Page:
There’s an interesting anti- blogging op-ed rant in the Baltimore Sun by Garrison Keillor, an amusing American writing icon who’s known for classics such as Lake Wobegon Days and A Prairie Home Companion. In the rant, entitled “When everyone’s a writer, no one is,” Keillor gives an entertaining slap in the face to blogging and microblogging, suggesting that the Internet has made us both literate in terms of increasing reading interest, though simultaneously reduced the value of writing. I mean, who wants to pay for something when you can probably find it for free or which is easy to steal? [Via Writers Write.]
That sounds about right, but the irony that the Baltimore Sun’s web page has Google AdSense ads smack-dab in the middle of Keillor’s op-ed piece isn’t lost on me. If this is what traditional publishers think they have to do to survive, then so be it. Now, I just had an email conversation earlier today with someone who wants to buy a few old sites that I’d previously bartered from someone else. The potential buyer wanted me to also add more content, which I wasn’t interested in even before he tipped his hat by making a mention that you can buy 10 posts for $20. That was because I’d mentioned to him that when I had tried to find writers for my sites, that was what I was quoted, by people who knew the niche well.
The $2/post might be available for some niches, but you will get exactly what you pay for: writing that’s likely unreadable and would take you far too long to edit than just write yourself. Specialized niches, on the other hand, require you to stay on top of the market, do extra research. I won’t give away the niche, but let me put it this way: if I have to watch a 1.5 hour TV show just to do some research to write one single post for $2, there’s something seriously wrong with the industry. You can’t live off that kind of workflow and rate. Worse are those who think everyone should now write for that rate, regardless of where you live. (One guy from Buffalo, NY, a few years ago, offered me a $1.50/post even though I repeatedly said I lived in Toronto, Canada. I’m now in Silicon Valley, California, and even if I can still work from home, life is expensive here.)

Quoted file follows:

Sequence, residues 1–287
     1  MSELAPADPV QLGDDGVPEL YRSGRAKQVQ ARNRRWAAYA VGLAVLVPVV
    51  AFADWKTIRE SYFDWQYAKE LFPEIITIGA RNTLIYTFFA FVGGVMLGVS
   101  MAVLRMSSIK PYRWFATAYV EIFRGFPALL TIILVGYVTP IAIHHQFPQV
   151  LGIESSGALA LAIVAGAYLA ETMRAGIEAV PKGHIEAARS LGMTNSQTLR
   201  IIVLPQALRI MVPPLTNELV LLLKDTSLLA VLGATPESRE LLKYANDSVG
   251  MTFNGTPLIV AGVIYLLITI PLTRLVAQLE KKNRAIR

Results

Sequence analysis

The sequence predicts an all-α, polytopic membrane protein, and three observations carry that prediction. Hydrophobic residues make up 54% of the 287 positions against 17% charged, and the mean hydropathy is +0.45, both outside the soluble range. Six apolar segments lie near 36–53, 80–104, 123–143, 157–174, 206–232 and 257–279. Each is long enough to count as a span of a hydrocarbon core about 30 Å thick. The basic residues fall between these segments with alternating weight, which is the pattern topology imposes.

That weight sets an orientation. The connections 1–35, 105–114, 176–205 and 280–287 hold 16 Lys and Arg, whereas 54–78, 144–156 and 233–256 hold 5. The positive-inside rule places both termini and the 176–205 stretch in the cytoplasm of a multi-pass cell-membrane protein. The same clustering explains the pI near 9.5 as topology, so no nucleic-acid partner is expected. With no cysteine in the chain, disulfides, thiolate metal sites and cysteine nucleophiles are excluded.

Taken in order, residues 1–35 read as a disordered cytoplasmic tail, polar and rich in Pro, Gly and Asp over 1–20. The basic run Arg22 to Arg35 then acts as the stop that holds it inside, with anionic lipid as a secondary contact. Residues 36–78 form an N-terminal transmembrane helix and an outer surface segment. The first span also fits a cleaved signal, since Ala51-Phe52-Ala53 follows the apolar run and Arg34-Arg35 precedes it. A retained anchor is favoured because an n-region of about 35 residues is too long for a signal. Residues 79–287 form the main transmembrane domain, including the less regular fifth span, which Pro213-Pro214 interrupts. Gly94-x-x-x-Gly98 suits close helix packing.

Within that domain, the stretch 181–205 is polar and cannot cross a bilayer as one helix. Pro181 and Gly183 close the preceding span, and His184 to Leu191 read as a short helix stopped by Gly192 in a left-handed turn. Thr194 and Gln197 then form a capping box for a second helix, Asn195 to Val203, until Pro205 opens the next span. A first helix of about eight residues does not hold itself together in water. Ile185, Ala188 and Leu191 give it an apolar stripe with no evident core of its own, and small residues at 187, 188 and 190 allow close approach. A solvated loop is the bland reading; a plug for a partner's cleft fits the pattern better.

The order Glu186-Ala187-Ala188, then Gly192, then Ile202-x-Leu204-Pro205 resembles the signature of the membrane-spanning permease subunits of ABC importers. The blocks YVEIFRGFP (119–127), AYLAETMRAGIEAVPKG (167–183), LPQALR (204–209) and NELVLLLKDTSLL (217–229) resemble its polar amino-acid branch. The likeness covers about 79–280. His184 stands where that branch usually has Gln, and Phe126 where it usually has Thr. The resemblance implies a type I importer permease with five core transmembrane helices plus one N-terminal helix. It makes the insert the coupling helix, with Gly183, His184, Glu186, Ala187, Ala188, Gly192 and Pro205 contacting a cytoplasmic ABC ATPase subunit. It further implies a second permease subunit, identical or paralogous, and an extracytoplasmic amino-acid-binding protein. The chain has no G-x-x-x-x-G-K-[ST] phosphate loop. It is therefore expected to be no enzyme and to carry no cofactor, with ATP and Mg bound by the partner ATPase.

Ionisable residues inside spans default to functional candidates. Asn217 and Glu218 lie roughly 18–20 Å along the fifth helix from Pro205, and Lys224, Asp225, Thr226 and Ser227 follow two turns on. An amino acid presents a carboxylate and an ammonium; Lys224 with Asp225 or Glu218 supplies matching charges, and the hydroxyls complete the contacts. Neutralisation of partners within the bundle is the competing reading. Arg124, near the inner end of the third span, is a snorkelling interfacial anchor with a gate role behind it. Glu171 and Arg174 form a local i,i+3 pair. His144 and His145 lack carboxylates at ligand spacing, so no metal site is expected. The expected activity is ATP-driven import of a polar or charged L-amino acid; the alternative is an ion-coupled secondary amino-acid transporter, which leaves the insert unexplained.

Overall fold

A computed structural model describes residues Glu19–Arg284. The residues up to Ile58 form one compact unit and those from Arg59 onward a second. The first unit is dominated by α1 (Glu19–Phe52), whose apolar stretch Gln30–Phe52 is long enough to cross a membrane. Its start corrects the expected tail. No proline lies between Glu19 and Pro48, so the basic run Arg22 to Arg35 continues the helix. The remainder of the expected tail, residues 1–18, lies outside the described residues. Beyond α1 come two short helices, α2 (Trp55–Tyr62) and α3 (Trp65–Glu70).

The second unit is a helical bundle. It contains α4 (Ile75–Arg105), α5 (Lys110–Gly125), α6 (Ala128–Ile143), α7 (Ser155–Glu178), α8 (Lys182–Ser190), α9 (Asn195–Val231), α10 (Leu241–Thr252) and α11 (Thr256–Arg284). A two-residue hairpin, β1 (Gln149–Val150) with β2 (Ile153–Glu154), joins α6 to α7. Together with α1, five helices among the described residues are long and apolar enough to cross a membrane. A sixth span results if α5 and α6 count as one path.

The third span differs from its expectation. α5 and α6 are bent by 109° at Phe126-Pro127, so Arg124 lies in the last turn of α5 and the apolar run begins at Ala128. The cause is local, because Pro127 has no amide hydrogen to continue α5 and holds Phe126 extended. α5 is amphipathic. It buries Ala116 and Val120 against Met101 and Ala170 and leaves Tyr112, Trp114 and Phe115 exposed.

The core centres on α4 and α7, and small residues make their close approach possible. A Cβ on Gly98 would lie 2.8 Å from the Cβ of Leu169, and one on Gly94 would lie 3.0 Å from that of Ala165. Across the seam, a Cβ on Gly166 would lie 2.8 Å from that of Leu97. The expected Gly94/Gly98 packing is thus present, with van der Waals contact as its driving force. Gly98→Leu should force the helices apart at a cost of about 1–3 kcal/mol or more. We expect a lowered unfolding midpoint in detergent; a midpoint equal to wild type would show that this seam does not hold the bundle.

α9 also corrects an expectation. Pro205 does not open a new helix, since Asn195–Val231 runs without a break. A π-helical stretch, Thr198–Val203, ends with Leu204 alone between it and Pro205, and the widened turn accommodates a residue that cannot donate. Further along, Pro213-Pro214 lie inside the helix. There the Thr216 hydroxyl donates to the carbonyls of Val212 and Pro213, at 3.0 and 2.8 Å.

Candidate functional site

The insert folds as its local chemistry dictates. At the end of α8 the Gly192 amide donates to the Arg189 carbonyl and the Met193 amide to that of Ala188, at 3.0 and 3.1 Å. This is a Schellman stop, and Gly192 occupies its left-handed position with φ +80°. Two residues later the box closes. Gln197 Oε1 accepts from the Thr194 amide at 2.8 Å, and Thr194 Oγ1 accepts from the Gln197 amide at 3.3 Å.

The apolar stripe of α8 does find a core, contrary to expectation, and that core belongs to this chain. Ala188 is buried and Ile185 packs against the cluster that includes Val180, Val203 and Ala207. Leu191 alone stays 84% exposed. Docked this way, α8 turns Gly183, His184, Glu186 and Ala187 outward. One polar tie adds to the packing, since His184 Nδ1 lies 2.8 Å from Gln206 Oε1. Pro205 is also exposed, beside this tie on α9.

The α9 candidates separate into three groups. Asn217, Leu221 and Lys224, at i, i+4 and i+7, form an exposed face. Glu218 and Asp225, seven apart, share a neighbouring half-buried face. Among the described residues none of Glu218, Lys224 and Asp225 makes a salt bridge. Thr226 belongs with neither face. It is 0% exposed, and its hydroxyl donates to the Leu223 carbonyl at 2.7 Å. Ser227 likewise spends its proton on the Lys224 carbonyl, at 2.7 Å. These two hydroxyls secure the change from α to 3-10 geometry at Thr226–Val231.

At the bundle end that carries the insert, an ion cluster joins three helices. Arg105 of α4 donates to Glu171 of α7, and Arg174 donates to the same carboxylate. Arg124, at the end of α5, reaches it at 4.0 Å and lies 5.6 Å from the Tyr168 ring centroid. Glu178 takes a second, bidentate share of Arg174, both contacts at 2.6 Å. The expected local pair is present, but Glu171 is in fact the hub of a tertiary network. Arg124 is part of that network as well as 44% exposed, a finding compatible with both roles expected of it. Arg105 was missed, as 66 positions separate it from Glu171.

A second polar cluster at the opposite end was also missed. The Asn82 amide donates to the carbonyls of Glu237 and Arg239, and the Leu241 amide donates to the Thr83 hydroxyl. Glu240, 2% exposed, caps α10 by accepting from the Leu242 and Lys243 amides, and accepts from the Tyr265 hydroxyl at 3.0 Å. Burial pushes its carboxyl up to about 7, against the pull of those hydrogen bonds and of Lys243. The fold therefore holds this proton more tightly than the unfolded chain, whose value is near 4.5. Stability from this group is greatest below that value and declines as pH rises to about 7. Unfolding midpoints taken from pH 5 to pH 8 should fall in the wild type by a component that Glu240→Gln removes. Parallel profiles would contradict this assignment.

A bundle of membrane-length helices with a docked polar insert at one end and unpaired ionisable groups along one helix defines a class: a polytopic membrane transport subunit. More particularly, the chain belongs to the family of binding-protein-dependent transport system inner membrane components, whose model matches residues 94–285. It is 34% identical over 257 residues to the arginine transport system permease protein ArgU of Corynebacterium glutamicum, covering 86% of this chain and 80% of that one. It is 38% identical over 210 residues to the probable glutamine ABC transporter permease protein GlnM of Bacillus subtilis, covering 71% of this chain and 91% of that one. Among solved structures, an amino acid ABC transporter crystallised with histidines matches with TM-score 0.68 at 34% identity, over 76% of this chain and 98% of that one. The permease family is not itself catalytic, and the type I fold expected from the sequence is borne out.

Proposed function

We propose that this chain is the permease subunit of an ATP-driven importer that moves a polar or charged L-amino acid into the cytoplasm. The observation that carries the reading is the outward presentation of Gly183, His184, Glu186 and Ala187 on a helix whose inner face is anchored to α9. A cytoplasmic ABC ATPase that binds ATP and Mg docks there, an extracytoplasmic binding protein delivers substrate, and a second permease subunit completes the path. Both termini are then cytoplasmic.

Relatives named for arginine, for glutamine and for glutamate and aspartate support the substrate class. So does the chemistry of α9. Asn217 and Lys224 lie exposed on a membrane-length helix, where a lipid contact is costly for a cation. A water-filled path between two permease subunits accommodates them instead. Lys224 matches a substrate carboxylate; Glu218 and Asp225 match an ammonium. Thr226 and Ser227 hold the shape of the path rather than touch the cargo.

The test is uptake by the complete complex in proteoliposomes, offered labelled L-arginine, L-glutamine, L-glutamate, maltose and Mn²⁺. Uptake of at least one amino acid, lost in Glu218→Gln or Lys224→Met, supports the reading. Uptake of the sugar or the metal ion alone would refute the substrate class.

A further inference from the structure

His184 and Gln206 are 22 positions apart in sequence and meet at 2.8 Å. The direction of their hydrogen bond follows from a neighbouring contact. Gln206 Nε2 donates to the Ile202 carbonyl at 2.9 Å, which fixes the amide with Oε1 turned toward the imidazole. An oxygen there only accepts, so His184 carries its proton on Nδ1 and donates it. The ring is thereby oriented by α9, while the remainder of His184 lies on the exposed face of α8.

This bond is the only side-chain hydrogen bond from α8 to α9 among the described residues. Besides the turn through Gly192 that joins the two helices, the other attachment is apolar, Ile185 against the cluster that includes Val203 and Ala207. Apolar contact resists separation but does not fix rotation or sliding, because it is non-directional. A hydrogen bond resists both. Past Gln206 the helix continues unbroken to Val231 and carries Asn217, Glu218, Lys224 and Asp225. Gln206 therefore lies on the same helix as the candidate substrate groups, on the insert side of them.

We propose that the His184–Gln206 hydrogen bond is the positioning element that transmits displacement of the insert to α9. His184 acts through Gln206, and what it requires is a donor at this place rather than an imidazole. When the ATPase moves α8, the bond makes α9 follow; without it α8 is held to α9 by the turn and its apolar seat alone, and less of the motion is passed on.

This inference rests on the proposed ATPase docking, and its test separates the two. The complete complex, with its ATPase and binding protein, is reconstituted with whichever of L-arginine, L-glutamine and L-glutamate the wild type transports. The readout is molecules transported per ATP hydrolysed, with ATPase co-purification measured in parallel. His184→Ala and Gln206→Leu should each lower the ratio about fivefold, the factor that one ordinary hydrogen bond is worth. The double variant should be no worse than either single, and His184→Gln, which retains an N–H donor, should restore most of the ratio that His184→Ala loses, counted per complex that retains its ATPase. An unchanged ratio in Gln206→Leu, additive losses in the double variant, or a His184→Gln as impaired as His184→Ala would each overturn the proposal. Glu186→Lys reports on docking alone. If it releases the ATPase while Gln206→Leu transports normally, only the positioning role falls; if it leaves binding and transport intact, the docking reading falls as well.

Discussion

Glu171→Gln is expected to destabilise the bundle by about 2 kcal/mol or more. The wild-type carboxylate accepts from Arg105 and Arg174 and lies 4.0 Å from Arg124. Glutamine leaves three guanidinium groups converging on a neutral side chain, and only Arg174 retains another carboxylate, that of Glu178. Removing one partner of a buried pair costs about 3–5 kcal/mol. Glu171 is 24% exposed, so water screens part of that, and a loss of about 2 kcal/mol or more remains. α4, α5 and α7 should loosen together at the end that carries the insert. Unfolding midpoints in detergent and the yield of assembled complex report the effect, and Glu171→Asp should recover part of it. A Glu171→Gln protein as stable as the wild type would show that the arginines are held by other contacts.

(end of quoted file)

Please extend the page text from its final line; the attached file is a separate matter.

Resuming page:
The culprits, as Keillor suggests, are probably the otherwise fantastic blogging systems such as WordPress, MoveableType and Drupal, that have in one sense revolutionized publishing because they allow anyone to easily write and publish at minimal cost, and in another sense are destroying publishing because they allow anyone to easily write and publish at minimal cost. And claim to be a writer or blogger. Even when they’re not. Keillor says, “Call me a pessimist, call me Ishmael, but I think that book publishing is about to slide into the sea.” Again, that sounds just about right. In fact, to add to the potential demise, Barnes & Noble have a new e-book publishing platform, Pubit!, for independents and self-publishing writers, with the distribution vehicle being through B&N’s e-Book store.
Still, let me reassure you aspiring bloggers who actually have or can develop real writing skills, who have inspired writing (though not day in and day out), that you can make living. I doubt most of you will achieve blogging success if you blog for advertising dollars, but if you align yourself with clients who sell products and/or services — or sell your own — then it’s possible to make a living writing online, even excel at it. Just don’t let the ease of blogging subvert you from building your writing skills. Blogging platforms like WordPress are merely writing tools, just like the now-ancient IBM Selectric typewriter was that I first started cracking out my short stories and poems on.
On a side note, it’s the seventh birthday of the WordPress blogging system — one of the key propagators of the online publishing revolution. Matt Mullenweg, founder of WordPress and Automattic, shares some thoughts about this occasion and mentions that version 3.0 is near (it’s available in beta form). He also notes that that WP development community now numbers over 1,500 active members contributing to what the GPL software is today — that is, much more than a blogging system. Happy birthday, WordPress.